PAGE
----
Lehohla: We were not quite aware of the support that we had lost. But this is a learning process. The people in towns are prone to have attitudes against government even though they get a bigger share of the national resources than the people in the rural areas.
I must however say that the vehicles that we got at residual value could have contributed to us losing support. That might have contributed even though (opposition All Basotho Convention party leader) Mr Tom Thabane also benefited from the scheme.
SE: Was that necessary? Couldn’t ministers buy their own cars with their own salaries?
Lehohla: I don’t think ministers could afford especially if you look at what they are paid as salaries. I admit that it’s debatable whether they could afford to buy the cars or not but I really think they would not have afforded those cars. But the whole process was above board. It might not have been politically elegant but legally it was above board. I am glad that we as government listened to people’s concerns and it will not happen again.
SE: Ministers have two official cars but High Court judges are struggling to get cars. Recently we had reports that some judges had been forced to use public transport after their official cars broke down.
Lehohla: Why should that be the case when we have done all we can to make it possible for them to get their cars? We are trying our best even with the small envelope of resources that we have. The management of these resources is critical so that we don’t get the unnecessary publicity that we have had.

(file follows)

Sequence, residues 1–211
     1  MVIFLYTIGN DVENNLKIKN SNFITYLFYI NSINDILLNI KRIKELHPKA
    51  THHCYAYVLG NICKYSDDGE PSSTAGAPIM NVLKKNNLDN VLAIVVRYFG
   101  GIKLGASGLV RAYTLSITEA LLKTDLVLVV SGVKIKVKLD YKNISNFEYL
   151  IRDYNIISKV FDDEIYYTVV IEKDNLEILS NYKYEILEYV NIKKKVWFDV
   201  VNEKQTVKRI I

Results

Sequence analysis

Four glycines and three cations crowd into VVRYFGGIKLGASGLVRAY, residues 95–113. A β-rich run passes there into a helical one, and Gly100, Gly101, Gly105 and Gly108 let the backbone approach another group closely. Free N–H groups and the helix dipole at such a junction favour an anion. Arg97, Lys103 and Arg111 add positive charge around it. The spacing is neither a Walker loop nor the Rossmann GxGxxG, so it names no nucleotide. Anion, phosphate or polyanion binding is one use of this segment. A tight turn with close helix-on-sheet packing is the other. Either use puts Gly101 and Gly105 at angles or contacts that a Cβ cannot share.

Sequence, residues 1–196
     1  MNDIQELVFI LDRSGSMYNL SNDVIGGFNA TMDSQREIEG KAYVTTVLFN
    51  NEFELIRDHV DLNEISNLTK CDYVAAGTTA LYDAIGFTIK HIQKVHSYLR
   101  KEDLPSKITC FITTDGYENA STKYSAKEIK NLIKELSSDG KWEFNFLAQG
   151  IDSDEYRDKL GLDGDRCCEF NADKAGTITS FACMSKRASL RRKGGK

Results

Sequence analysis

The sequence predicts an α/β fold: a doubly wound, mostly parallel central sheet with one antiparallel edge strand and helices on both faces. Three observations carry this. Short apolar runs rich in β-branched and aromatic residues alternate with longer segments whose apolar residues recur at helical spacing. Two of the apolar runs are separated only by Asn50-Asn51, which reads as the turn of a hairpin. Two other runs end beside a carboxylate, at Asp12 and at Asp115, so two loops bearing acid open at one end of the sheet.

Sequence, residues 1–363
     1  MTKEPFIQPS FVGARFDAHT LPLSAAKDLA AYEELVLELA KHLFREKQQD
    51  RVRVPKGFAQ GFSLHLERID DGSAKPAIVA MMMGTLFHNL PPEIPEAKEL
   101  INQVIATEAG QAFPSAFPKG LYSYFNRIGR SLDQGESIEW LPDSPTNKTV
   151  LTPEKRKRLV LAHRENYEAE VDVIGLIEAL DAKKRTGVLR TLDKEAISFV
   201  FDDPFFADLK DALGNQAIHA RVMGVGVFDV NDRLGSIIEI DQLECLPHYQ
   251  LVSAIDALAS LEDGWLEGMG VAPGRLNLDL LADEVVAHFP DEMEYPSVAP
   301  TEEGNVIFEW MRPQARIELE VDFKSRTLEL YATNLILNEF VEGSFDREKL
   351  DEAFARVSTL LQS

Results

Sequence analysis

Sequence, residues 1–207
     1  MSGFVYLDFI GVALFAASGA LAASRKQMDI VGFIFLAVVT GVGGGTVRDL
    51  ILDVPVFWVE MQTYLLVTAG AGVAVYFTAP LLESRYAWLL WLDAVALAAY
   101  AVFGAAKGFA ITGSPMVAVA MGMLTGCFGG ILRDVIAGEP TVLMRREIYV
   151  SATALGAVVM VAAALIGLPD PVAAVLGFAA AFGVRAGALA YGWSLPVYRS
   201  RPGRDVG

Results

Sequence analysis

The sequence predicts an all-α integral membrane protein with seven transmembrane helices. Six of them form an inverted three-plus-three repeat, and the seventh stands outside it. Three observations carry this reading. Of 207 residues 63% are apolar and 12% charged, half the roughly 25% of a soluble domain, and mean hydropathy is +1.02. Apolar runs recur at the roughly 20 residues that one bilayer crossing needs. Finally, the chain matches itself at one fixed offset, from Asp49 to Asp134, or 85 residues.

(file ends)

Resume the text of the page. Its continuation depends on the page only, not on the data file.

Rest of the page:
SE: When are you going to take a rest? When are you going to leave politics?
Lehohla: When the people of Mafeteng say they can no longer retain me as their MP. What is important to me is that we have people who understand the gravity of the responsibility on our shoulders as leaders. We are saying these people can only understand this when they sit down and look at where we have come from.
We need to appreciate that one way or the other we will leave power (to the younger generation). I am glad that we now have people who are coming through parliament and understand what it means to lead the people.
SE: Will you be willing to take over the party leadership if you were to be nominated? Do you see yourself being the prime minister of this country one day?
Lehohla: I think I would approach that nomination with a very humble and serious consideration. What would it mean to me? If the people say they have confidence in me then I would ask them what more I can do for this country that I have not done as the deputy prime minister.
I honestly don’t think that I would have any more significant thing to achieve in that position. In any case I would have to make a serious evaluation of my health and faculties. I would ask those people who nominate me what it is that they want me to do that I have not done already.
SE: The war over proportional representation seats rages on. Is there going to be a solution to this problem?
Lehohla: That issue was canvassed, discussed and dissected by all sorts of opinion at home and abroad. They stuck to their position. Finally we agreed to disagree. I don’t think much can be done about it. We just have to start working to change the legislation so that we don’t get into similar problems again.
SE: But the opposition is still not happy about the issue.
Lehohla: Nobody has suggested that they should be happy. Being unhappy will not solve the problem.
SE: So you are saying they should accept the status quo?
Lehohla: I have said we have agreed to disagree. They have stuck to their position and we have stuck to our position. Nothing can be done about that.
SE: You are an MP from a district where famo artists are killing each other every time. What are you doing about the killings?
Lehohla: These are some of the challenges that we face as a country. People are not valuing the lives of others. We believe part of the problem has to do with the lack of education. I don’t think that most of them have gone as far as Junior Certificate level. The key is education. The miracle bullet is education.